Next time my column will talk about the domino effect.


Theresa SnyderTheresa Snyder is a multi-genre writer with an internationally read blog. She grew up on a diet of black-and-white, sci-fi films like Forbidden Planet and The Day the Earth Stood Still. She is a voracious reader and her character-driven writing is influenced by the early works of Anne McCaffrey, Ray Bradbury, Robert Heinlein and L. Ron Hubbard. This is the second installment in her column for VoiceCatcher about self-publishing.

November Prompt: Intentions

by Carrie Conner

If you don’t know where you are going, you might wind up someplace else.
– Yogi Berra

 “What do you do for a living?” asked the woman at a recent dinner party. The inevitable question – and the almost inevitable comment when I say I’m a writer: “Oh, I’m not creative. I could never be a writer.” Each time I hear this I want to laugh – and cry.

The idea of being uncreative and unable to write is a story this woman tells herself – possibly developed after seeing her second-grade essay bloodied with red pen.

Creating is what our human brains do best. Fed by our emotions, we spin tales out of thin air. In the process of walking from the porch to the mailbox, I can weave a Homeric saga, starring me as the reluctant hero battling the evil mortgage-banking empire in its plot to take over the universe.

The Laboratory of Neuro Imaging at the University of Southern California estimates that we have a thought roughly every 2.5 seconds, or up to 70,000 per day. Unfortunately, most of these thoughts are unconscious, running unchecked like a herd of bunnies, propelled by raw emotion, fearing what we desperately want to avoid.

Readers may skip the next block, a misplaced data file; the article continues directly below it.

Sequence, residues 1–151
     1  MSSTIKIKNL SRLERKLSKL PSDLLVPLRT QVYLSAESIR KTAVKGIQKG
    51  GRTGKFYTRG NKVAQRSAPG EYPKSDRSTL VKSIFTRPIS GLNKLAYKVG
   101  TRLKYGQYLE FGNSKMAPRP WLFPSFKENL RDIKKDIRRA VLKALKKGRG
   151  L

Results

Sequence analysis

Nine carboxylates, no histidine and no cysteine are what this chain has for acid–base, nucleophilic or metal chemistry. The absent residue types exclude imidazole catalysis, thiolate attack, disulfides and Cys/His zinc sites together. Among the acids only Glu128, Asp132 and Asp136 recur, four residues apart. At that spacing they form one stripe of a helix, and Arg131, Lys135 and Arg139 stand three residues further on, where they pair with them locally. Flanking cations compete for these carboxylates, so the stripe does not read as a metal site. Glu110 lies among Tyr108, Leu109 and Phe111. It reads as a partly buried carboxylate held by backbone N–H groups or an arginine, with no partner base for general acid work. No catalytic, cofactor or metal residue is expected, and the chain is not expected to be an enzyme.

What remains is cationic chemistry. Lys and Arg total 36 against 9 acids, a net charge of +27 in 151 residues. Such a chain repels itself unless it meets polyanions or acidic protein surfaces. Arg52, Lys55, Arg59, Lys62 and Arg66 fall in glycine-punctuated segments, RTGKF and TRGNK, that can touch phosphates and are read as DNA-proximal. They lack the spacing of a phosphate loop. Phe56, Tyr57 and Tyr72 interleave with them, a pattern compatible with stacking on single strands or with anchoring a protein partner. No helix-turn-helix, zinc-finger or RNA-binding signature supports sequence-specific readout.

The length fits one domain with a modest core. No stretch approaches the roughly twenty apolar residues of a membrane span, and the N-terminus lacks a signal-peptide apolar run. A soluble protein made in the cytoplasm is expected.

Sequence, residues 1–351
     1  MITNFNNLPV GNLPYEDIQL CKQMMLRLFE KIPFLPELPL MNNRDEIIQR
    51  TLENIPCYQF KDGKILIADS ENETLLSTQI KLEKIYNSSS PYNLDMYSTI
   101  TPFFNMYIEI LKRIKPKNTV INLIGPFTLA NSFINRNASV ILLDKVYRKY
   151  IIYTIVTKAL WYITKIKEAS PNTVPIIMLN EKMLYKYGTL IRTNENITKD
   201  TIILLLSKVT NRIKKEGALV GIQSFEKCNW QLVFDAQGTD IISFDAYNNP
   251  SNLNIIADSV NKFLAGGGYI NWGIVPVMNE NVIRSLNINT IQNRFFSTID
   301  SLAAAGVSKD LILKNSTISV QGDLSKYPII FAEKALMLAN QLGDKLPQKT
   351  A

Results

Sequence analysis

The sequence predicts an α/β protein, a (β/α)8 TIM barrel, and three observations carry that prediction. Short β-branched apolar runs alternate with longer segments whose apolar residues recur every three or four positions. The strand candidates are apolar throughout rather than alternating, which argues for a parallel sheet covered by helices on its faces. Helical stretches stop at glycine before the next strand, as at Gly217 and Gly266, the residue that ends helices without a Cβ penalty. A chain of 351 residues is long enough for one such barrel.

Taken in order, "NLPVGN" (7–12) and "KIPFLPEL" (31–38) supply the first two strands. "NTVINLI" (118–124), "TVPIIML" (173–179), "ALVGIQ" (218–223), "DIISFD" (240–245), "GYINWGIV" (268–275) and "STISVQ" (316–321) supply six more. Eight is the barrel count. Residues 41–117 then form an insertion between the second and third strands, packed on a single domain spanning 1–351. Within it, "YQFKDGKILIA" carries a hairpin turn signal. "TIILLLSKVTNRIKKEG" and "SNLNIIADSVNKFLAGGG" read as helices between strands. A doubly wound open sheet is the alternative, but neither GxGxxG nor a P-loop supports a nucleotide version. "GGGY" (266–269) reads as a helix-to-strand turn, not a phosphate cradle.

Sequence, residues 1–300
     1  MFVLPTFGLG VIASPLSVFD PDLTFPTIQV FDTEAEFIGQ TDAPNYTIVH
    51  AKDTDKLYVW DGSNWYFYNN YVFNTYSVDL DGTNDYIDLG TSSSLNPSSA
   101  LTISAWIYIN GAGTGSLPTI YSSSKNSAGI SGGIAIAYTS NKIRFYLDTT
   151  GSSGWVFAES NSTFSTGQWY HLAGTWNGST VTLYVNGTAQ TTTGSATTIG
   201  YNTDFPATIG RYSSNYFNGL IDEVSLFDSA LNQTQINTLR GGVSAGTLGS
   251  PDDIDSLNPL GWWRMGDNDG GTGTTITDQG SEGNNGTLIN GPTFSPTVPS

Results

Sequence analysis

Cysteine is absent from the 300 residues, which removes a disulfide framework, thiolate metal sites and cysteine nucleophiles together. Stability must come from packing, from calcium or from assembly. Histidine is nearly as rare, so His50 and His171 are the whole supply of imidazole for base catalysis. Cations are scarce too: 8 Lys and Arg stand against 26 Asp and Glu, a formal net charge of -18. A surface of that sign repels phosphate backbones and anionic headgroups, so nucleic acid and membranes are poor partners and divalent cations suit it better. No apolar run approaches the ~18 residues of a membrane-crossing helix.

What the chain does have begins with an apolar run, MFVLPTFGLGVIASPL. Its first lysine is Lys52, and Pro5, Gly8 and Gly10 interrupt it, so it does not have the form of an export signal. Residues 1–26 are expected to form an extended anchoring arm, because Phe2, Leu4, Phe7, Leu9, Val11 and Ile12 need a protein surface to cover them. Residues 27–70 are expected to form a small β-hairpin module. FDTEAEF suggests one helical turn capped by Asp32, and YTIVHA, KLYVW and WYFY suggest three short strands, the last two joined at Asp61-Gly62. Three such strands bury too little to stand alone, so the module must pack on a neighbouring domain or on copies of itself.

Obstacles are those frightful things you see when you take your eyes off your goal.
– Henry Ford

Intentions give the subconscious a roadmap, indicating where we would prefer to end up. Consider them a call to action for your unconscious mind. If it’s going to gnaw on something anyway, why not let it mull over the outcome you would actually prefer?

Here is a list of intentions I set down before writing this column:

  • I allow my column to be entertaining and useful.
  • I allow my writing to flow freely with ease.
  • I allow myself to have fun.
  • I give myself full permission to write total &$#@ if that’s what wants to come out.
  • I allow myself to hit my deadline with ease.

Emily Carr said, “Inspiration is intention obeyed.”  It is time to find your inspiration. Write a list of intentions for yourself or one of your characters, and use them, or any part of them, in a work of fiction, non-fiction or poetry.

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An Invitation from VoiceCatcher
Willing to share what this prompt inspires you to write? Each month we might publish some responses to the VoiceCatcher prompts. Contact us to submit the writing the prompt elicits from you.